Judicial Crisis Network (JCN), a right-wing group that says it will spend millions of dollars to attack Obama's pick to fill the Supreme Court vacancy, has launched a smear campaign against potential nominee Judge Jane Kelly based on her record of representing criminal defendants while working as a federal public defender. But in 2005, the group supported the confirmation of Chief Justice John Roberts, even though Roberts previously represented a serial killer. Both Roberts and Kelly were doing their duty as lawyers, but JCN only targeted Kelly with attacks.
Jane Kelly, A Former Public Defender, Is Reportedly Being Considered For Supreme Court Nomination
President Obama Reportedly Considering Jane Kelly For Supreme Court. The New York Times reported on March 2 that “President Obama is vetting Jane L. Kelly, a federal appellate judge in Iowa, as a potential nominee for the Supreme Court”:
President Obama is vetting Jane L. Kelly, a federal appellate judge in Iowa, as a potential nominee for the Supreme Court, weighing a selection that could pose an awkward dilemma for her home-state senator Charles E. Grassley, who has pledged to block the president from filling the vacancy.The F.B.I. has been conducting background interviews on Judge Kelly, 51, according to a person with knowledge of the process. The person spoke on the condition of anonymity because the White House is closely guarding details about Mr. Obama's search to fill the opening created by the death of Justice Antonin Scalia. [The New York Times, 3/2/16]
Kelly Was Previously A Public Defender In Iowa. Before becoming a federal judge, Kelly was an assistant federal public defender in Cedar Rapids, Iowa, helping clients who could not afford an attorney on their own. Federal public defenders are government officials appointed by courts to enforce the Sixth Amendment right to counsel. [SCOTUSBlog, 3/7/16, UScourts.gov, accessed 3/14/16]
JCN Smears Kelly For Being A Lawyer
JCN Chief Counsel Claimed That Kelly Was Unsuitable For The Supreme Court Because She Represented A Criminal Client While Working As A Federal Public Defender. Even though a public defender's basic constitutional responsibility is to advocate for his or her client, JCN chief counsel Carrie Severino attacked Kelly because while working as a federal public defender in Iowa, she secured a 14-year prison sentence plea deal for Casey Frederiksen, who was charged with receiving and possessing child pornography. In a March 3 blog for National Review, Serevino attacked Kelly because the former public defender had “argued her client was not a threat to society,” without mentioning Kelly was presenting the views of a psychologist that her client had been seeing. [National Review, 3/3/16; Media Matters, 3/7/16]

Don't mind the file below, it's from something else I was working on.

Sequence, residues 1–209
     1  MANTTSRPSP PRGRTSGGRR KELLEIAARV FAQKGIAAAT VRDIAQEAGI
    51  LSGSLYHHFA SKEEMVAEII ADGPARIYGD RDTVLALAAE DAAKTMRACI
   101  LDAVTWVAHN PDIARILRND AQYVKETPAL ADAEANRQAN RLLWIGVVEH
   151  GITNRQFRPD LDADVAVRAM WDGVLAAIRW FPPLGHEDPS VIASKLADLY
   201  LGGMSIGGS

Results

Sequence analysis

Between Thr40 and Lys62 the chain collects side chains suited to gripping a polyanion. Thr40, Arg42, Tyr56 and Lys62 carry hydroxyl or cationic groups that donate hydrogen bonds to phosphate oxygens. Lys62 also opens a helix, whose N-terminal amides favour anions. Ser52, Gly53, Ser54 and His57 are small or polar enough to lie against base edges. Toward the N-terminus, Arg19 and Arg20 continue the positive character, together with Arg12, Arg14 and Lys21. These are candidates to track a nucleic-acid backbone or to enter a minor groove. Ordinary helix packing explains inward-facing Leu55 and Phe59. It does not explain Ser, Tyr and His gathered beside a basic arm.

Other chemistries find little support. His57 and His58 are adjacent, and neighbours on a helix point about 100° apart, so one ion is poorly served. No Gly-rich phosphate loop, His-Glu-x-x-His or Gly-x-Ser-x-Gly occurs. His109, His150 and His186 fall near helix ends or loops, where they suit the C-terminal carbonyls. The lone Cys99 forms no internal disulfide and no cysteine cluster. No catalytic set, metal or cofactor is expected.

JCN Launched Six-Figure Ad Campaign Against Kelly Attacking Her Work As A Public Defender. JCN launched an ad that claims Kelly “doesn't belong on the Supreme Court” because of her representation of Frederiksen. Politico reported, “The ad buy will start at about $250,000 and is aimed at dampening support for Kelly among moderate Democrats”:
The conservative Judicial Crisis Network is launching an ad campaign Friday targeting Jane Kelly, a judge on President Barack Obama's short-list for a possible Supreme Court nominee, for her work defending a client on child pornography charges who later was convicted of murder.
“This is Jane Kelly. President Obama may appoint her to the Supreme Court. As a lawyer she argued that her client, an admitted child molester, wasn't a threat to society. That client was found with more than 1,000 files of child pornography and later convicted for murdering and molesting a 5-year-old girl from Iowa. Not a threat to society? Tell your senator, Jane Kelly doesn't belong on the Supreme Court,” the narrator says.
The ad buy will start at about $250,000 and is aimed at dampening support for Kelly among moderate Democrats. In addition to running in Iowa -- the home state of both Kelly and Republican Senate Judiciary Chairman Chuck Grassley -- the ad will begin running on Sunday news shows in the home states of Sens. Michael Bennet of Colorado, Joe Donnelly of Indiana, Joe Manchin of West Virginia and Heidi Heitkamp of North Dakota. [Politico, 3/11/16]
FLASHBACK: In 2005, JCN Advocated For John Roberts' Confirmation, Despite His Representation Of A Serial Killer
John Roberts Did Pro Bono Representation For Serial Killer John Errol Ferguson. When Ferguson was executed in 2014 after being convicted of murdering eight people, MSNBC.com reported Roberts “devoted 25 pro bono hours to Ferguson's case when he was working in private practice” but that the issue was not “a hinderance” during Roberts' confirmation hearings. [MSNBC.com, 3/10/14]
JCN Executive Director In 2005: “We're Going To Invest Whatever Dollars We Need To Support John Roberts.” During an August 1, 2005, interview that took place six weeks before the beginning of confirmation hearings, JCN's Gary Marx discussed how JCN hoped to spend $3 million or more supporting Roberts' confirmation: